In the past few years, many of my peers from China stayed on to work in Singapore after finishing their courses. Some even took up permanent residency. However, I must say that assimilation into the local society takes some effort on our part. Although ethnically Chinese, I found out that there are vast differences between us, the Chinese from China and the Singaporean Chinese. Although we could communicate in the same language, our way of thinking differs quite a lot. There are also significant cultural differences. As a guest here, we need to interact a lot with the locals to understand their culture. Personally, living with a Singaporean family for several years has helped me to understand their culture much better. In a way, I often feel that students should try off-campus accommodation with local families. It is a worthwhile experience. My host, for example, invited me to many local celebrations and explained to me in great details the origins of all the local festivals.
Overall, I have learnt a lot academically and culturally during my few years in Singapore. Living in a cosmopolitan city like Singapore is a great experience. Other than my Singaporean hosts, I also got the opportunity to mix with people from all over the world. In fact, sometimes, I feel that the country is like a mini United Nations. I have colleagues and friends from India, Malaysia, Myanmar, Africa, Italy, Australia, the United Kingdom, Germany, and Russia. Among the foreigners, English is the main language for communication, although over time I picked up a little of some other languages too. It has really been a remarkable experience for me.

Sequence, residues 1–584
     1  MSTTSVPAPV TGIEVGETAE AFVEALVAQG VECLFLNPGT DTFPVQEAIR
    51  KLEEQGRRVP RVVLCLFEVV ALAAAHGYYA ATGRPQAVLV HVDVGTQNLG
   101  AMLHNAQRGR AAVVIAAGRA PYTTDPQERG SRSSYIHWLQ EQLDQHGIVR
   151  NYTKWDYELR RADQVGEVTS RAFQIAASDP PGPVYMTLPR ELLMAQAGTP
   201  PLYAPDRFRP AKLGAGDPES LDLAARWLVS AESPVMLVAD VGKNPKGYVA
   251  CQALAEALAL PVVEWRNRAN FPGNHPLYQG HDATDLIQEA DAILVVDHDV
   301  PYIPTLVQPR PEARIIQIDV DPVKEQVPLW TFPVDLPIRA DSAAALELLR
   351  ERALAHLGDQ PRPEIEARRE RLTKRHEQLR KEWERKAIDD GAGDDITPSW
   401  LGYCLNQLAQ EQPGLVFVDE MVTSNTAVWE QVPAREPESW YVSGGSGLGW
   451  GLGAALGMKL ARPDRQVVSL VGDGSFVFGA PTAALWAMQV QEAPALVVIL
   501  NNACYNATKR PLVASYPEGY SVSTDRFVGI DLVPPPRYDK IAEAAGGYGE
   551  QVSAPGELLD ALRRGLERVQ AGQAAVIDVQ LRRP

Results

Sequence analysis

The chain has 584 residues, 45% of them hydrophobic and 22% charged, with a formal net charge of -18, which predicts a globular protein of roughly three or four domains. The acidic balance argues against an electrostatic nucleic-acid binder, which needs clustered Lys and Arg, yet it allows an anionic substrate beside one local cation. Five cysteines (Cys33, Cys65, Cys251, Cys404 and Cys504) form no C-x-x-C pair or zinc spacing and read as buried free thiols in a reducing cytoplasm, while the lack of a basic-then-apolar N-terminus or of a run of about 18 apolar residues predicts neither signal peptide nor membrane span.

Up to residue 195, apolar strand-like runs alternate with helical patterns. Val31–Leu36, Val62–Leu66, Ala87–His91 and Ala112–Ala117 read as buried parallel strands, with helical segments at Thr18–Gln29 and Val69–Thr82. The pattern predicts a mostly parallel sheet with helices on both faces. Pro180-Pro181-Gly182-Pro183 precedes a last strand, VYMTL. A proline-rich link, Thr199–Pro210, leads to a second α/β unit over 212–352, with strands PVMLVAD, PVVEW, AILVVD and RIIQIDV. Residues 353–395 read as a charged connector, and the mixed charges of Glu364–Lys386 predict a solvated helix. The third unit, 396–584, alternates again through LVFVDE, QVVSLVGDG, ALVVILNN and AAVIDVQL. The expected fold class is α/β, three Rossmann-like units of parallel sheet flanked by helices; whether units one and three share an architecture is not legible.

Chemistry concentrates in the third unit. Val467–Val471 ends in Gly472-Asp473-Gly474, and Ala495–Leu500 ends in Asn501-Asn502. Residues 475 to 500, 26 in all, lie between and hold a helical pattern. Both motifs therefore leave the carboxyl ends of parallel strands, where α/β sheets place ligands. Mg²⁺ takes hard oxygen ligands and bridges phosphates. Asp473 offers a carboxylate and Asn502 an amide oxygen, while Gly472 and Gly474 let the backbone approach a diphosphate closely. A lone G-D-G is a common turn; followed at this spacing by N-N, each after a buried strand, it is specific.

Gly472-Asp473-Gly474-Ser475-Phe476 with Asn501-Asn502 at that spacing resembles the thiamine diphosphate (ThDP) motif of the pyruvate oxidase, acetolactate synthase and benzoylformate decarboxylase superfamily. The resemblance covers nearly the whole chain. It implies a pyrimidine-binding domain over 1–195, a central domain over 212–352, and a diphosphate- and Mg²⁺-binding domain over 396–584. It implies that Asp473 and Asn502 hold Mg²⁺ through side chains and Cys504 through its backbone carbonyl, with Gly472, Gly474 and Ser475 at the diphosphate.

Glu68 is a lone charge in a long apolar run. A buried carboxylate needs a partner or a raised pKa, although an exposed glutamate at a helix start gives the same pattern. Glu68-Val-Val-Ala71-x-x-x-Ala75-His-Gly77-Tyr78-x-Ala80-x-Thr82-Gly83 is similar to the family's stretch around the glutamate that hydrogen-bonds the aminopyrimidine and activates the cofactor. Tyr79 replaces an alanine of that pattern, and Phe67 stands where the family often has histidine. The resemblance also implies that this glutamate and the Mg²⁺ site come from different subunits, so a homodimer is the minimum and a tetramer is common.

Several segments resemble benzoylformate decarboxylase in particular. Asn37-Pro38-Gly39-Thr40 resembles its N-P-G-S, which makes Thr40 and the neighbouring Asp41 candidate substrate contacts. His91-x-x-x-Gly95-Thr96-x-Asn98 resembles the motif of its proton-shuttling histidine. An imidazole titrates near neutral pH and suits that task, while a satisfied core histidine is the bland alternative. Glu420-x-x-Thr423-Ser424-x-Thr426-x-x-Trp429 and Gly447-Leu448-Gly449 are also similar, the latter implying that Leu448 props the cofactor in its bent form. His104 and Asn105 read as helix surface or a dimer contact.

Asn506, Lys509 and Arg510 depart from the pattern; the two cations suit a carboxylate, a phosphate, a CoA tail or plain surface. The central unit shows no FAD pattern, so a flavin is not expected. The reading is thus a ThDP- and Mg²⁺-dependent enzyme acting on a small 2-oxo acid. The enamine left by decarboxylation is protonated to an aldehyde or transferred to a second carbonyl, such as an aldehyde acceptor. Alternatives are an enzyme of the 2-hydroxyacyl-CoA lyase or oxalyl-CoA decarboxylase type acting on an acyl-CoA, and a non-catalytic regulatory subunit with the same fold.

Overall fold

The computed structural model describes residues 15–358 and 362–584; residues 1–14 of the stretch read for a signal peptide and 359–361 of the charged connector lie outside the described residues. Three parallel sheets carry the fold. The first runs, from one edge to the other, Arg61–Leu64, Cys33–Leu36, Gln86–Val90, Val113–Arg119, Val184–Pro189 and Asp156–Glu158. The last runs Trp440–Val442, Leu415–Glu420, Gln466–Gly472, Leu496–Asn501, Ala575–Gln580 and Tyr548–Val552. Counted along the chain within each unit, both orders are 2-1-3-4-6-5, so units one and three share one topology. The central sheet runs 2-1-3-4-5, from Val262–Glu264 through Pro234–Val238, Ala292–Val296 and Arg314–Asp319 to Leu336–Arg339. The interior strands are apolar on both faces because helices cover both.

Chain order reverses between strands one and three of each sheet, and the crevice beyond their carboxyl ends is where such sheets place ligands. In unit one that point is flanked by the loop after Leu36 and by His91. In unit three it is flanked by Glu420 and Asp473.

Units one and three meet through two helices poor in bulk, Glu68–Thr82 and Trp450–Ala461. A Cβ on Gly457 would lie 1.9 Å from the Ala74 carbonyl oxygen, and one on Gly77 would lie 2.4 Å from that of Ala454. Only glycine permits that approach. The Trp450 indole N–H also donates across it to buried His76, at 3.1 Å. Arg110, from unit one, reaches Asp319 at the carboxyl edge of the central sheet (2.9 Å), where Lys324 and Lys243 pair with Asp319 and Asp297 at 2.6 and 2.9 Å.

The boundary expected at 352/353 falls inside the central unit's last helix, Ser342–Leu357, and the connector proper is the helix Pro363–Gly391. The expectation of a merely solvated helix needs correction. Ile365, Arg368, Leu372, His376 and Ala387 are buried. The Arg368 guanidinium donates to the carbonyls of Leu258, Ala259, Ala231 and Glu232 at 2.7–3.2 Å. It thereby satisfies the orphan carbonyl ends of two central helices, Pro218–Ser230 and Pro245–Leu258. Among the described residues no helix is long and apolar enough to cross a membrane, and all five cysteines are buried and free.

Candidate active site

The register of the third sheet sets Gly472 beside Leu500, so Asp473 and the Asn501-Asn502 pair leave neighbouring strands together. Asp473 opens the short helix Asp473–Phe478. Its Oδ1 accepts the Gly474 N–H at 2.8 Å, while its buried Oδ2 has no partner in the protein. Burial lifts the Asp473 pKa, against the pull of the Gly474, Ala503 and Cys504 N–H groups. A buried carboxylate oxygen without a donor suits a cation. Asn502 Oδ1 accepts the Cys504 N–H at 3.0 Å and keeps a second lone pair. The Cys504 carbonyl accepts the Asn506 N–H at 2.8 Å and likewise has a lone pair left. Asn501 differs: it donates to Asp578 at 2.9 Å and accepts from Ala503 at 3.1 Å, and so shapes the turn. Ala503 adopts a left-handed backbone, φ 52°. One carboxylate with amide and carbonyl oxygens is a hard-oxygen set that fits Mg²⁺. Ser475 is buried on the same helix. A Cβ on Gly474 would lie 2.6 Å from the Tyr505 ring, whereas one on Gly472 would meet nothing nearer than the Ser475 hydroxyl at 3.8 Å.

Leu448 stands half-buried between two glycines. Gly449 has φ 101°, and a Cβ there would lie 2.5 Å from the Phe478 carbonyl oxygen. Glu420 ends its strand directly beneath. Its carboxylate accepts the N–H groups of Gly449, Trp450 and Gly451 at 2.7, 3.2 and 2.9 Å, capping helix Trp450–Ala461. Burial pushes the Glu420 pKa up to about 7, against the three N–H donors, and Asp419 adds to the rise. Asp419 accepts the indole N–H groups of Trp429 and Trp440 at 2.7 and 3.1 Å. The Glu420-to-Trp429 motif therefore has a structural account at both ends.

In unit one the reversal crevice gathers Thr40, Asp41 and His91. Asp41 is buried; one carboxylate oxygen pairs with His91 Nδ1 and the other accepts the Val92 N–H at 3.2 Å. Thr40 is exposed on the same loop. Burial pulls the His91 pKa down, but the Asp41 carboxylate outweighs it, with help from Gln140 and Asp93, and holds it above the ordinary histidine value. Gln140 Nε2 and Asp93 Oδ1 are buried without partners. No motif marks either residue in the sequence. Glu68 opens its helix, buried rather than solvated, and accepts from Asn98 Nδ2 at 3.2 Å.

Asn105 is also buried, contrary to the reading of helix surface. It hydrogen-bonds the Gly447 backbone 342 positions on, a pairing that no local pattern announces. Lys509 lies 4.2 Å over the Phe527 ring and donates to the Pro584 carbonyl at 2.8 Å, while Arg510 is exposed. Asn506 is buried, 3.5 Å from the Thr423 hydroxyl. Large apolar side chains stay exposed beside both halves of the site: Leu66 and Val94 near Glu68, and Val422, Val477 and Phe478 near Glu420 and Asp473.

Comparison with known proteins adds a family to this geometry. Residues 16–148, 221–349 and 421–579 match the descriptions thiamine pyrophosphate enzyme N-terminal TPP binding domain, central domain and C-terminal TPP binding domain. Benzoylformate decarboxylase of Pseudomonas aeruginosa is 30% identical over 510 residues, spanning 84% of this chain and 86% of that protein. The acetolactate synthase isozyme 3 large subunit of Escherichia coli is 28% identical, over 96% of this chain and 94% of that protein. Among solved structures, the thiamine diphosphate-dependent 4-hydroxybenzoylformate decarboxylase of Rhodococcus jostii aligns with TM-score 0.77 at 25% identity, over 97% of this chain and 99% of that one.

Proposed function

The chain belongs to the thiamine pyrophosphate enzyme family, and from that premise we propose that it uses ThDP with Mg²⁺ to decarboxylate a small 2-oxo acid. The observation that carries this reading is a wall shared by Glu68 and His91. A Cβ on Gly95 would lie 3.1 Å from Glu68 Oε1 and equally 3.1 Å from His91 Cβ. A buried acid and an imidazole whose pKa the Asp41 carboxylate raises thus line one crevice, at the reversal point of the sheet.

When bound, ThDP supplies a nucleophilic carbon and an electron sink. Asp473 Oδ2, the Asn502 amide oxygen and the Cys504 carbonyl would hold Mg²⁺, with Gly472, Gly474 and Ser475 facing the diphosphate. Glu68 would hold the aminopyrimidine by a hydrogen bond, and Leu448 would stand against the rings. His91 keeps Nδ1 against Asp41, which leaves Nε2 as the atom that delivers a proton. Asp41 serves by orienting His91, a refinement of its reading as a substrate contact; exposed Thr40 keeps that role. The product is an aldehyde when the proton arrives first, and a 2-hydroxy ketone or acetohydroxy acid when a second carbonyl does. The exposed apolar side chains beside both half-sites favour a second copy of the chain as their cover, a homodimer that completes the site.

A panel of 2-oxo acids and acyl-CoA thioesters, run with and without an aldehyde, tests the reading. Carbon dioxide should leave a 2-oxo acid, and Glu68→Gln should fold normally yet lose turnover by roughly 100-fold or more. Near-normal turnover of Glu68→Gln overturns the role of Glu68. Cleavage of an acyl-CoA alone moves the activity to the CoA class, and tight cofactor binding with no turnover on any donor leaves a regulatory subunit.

For the international students, I think it is really worthwhile to consider Singapore as a place for higher education. Both the National University of Singapore and Nanyang Technological University rank high on the "Asian Top Universities" list. There is a wide variety of courses to choose from. The tuition cost is quite affordable, even without a scholarship. As far as I know, most research-based students are sponsored by the university and/or the private sector and they receive monthly stipends that range from SGD1500 to SGD3000, depending on the discipline they are working in and who their sponsors are. In most cases, the stipend is adequate to pay for your tuition fees and some basic needs. For many aspiring postgraduate students, that's plenty good enough.